The Act regulates research with healthy and sick persons of all age groups, whereby there are special provisions for particularly vulnerable groups such as children, pregnant women, persons lacking capacity, persons in emergency situations or prisoners. Research on deceased persons is also regulated, as is research on embryos (in vivo) and foetuses after abortion or stillbirth. Also within the purview of the Act is research involving human body parts (“biological material”) and health-related personal data.
The Act does not, however, apply to research projects involving IVF embryos – which are governed by the Stem Cell Research Act (StRA) – nor to research projects involving anonymised biological material or anonymously collected or anonymised health-related data.
The Act does not apply to individual attempts to treat patients or case studies that result in no generalisable findings. Nor does the Act regulate questions that do not concern either diseases or basic research. However, if such a research project involves an intervention in or an impact on the human body, for example an operation, blood sample or diagnostic imaging (computed tomography or magnetic resonance imaging), the Act is again applicable.
Development and entering into force
Article 118b of the Federal Constitution (Cst), which was adopted by the electorate on 7 March 2010 with a 77.2% majority, endows the Federal Government with expanded authority for regulating human research. It provided the constitutional basis for the development of the Federal Act on Research Involving Human Beings (Human Research Act, HRA), which Parliament adopted on 30 September 2011, as well as corresponding ordinances, i.e. the Human Research Ordinance (HRO), the Clinical Trials Ordinance (ClinO) and the HRA Organisation Ordinance (OrgO-HRA). These four legislative texts entered into force 1 January 2014.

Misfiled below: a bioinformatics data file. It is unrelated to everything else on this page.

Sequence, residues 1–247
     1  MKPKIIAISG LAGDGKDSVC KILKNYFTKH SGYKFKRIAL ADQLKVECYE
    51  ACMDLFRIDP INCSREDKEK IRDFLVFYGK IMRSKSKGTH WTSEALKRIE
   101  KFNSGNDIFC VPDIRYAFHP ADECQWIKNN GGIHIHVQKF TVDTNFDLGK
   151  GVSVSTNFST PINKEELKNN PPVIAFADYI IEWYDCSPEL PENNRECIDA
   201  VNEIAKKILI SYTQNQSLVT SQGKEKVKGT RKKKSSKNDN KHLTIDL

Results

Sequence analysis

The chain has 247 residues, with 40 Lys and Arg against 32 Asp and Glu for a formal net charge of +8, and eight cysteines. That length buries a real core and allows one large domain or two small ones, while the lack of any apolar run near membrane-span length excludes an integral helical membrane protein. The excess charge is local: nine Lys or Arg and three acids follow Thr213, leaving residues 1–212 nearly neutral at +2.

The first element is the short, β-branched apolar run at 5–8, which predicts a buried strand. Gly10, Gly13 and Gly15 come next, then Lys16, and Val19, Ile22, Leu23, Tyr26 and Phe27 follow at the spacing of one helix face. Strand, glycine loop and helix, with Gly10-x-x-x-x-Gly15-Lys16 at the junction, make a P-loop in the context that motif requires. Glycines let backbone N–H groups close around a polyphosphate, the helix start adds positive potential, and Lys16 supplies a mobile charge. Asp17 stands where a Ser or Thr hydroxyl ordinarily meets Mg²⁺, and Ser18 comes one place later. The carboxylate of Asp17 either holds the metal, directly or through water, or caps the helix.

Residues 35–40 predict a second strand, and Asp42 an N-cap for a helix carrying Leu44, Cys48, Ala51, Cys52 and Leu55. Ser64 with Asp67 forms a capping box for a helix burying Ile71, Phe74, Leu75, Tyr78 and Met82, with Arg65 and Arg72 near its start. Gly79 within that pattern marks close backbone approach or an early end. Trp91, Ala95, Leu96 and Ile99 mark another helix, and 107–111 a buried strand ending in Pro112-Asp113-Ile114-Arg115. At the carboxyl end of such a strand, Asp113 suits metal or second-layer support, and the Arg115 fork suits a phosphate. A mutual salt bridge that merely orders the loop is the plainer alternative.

On 20 September 2013, the Federal Council issued implementation ordinances which regulate specific items of the law in detail.
Clinical trials are the subject of the Clinical Trials Ordinance, which spells out the requirements for the conduct of such trials and regulates the authorisation and notification procedures, the duties and responsibilities of ethics committees, Swissmedic and the Federal Office of Public Health in connection with the authorisation and notification procedures, the registration of clinical trials and public access to the register.
The Human Research Ordinance determines “the requirements for the conduct of human research projects with the exception of clinical trials” and regulates the authorisation and notification procedures for such projects.
The HRA Organisation Ordinance, finally, regulates, as its name suggests, the organisation of the research ethics committees and the coordination office.
The cantonal ethics committees and the Agency for Therapeutic Products (Swissmedic) are the agencies primarily responsible for enforcement of the Act. The enforcement bodies make sure the statutory requirements are complied with. They review the applications, authorise the projects and monitor their conduct.